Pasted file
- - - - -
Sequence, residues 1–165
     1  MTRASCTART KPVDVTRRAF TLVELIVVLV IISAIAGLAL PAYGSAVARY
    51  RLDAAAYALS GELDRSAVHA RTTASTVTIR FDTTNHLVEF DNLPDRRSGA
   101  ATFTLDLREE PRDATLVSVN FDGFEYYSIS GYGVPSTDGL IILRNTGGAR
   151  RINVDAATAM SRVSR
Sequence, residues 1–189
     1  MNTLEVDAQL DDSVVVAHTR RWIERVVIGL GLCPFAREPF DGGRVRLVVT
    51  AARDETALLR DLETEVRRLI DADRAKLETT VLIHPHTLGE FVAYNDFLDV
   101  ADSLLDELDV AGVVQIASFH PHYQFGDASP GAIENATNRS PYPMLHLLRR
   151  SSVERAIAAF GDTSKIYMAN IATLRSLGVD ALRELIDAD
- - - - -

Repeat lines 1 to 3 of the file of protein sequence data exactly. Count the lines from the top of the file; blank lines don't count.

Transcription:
Sequence, residues 1–165
     1  MTRASCTART KPVDVTRRAF TLVELIVVLV IISAIAGLAL PAYGSAVARY
    51  RLDAAAYALS GELDRSAVHA RTTASTVTIR FDTTNHLVEF DNLPDRRSGA